TG: We are building strategy from tactics up, and often from technology out. Technology is becoming ‘the idea’. An Architect needs to understand glass, aluminum, and be aware of 3D-printed concrete and the latest GluLam wood. But their job is rarely to celebrate what can be done with concrete but to make something amazing that delights people. We need to think of our future as creating delight in a world with wonderful tools to use.
Bm: If building a brand implies emotional connections, why are so many of them turning their human customers into inanimate numbers? What got lost along the way?
TG: Marketing was always a dark art – the more there has been a shift to it being a science, the more people feel vulnerable holding up feelings and happiness and fame. We fell in love with the idea we could become less vulnerable by becoming more objected, and data could support our views. We now use data as a support mechanism and slowly, things which don’t show up in hard objective form make us feel like we’re bad at our jobs. We have to get better at using the gut as a device to measure success and earning trust from the board to do this.
Bm: Even though ‘authenticity’ is the word of the day, brands are all starting to look and sound the same. Why is that?
TG: Then people of advertising, marketing, and branding are highly insecure people. They seek comfort from the approval of others, rather than standing out. We are now living in a world with case studies to emulate, tech to use like everyone else, and even the same words to describe what we do. People go around saying the same words “data-driven insights”, “ turning brand love into action”, “millennials have no attention span”, and even thought it’s all total nonsense, we feel like it’s the script we read from.
Bm: How do you feel about ‘transparency’ and its place in the consumer-brand relationship? What about in the day-to-day workspace of the people tasked with that relationship?
TG: At their core, brands are about trust. You don’t demand trust, you earn it through your actions. Transparency is key to this. But this only really comes a factor with brands you have a more intimate and involved relationship with. I want my bank or airline to be transparent, I don’t need my dishwasher fluid too. We lose sight of how deeply important branding is but how little people care about it. It’s a weird paradox.
Bm: How effective would you say brands are in matching their ‘desired’ identity with the brand image inside consumers’ minds?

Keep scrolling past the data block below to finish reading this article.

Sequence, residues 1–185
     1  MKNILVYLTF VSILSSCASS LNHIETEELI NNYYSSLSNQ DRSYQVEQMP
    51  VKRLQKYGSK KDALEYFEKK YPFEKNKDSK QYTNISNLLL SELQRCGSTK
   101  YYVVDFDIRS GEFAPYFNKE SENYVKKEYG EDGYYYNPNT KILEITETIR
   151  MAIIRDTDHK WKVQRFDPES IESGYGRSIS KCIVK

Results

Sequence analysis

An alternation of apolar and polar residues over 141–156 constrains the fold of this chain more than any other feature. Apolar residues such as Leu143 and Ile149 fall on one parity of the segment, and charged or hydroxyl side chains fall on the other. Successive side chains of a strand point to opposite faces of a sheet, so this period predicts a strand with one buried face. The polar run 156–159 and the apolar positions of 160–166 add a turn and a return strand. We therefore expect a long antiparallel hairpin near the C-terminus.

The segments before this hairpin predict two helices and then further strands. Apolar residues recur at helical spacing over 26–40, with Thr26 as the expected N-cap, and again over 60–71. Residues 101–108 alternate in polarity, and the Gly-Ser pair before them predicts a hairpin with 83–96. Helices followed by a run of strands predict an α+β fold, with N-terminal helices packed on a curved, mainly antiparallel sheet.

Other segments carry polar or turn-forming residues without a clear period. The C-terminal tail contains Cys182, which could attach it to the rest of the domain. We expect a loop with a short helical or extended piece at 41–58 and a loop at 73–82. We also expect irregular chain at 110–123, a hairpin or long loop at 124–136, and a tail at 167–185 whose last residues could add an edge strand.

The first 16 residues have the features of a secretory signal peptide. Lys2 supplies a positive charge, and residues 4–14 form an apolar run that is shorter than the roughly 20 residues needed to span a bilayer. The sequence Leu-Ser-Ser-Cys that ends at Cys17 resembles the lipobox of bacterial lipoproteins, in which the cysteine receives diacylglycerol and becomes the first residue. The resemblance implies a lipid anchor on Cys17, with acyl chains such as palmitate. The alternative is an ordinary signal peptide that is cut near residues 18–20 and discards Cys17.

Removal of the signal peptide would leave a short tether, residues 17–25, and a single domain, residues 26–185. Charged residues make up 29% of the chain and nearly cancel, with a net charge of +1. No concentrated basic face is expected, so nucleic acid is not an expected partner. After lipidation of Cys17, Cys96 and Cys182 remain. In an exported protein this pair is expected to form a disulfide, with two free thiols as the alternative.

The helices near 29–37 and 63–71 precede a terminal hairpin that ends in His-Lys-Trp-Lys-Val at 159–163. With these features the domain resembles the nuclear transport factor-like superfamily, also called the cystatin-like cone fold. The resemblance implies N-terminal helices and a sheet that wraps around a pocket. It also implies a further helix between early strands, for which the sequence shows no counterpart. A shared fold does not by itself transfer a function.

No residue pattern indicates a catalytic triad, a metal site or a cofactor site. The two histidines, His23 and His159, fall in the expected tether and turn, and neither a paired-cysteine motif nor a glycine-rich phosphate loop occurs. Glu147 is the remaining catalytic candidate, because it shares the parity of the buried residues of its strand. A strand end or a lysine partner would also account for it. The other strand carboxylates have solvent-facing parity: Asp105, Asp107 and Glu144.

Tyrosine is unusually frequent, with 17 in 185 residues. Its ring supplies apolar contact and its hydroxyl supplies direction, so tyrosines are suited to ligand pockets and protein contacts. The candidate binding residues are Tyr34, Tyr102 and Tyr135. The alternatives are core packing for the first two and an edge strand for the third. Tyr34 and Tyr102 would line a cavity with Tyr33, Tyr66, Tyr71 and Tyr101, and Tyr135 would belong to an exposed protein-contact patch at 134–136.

TG: All brands think customers care WAY more about them than they do and that customers are wealthier, more attractive, and more interesting than they are. The second mistake around aspirations is fine. The first is deadly, especially when it comes to the speed of rebrands, changing taglines, or rotating copy. Brands are built on repetition.
We are building strategy from tactics up, and often from technology out.
Bm: It feels that there is a general, collective disregard of ethics in business. Where are other areas where today’s brands are lacking, in your honest opinion?
TG: Brands need to care a lot more about customer service. Approx. $600bn a year is spent as investment from brands talking to consumers; the moment a consumer wants to talk to a brand, we consider it a cost and try to outsource it to a bot, or a badly funded call center. Customer service should be the main strand of a media plan.
Bm: What advice can you give to brand professionals around the world? How can the work of managers, marketers, and advertisers become true again?
TG: We don’t work in a field that matters that much. On the very worst days of our lives, we don’t tend to start wars, be responsible for people dying, or lose billions. We have a silly job. We have a job routed in ideas and imagination and creativity. For goodness sake, lighten up a bit and enjoy things.
Remember why you came into this industry, if you came into it for an easy life, by all means, take the easy path, but you probably came into it because you wanted to feel proud, to make a difference, to make things happen. If that’s the case, stop hiding and go and make it happen.
Cover image source: Andrew “Donovan” Valdivia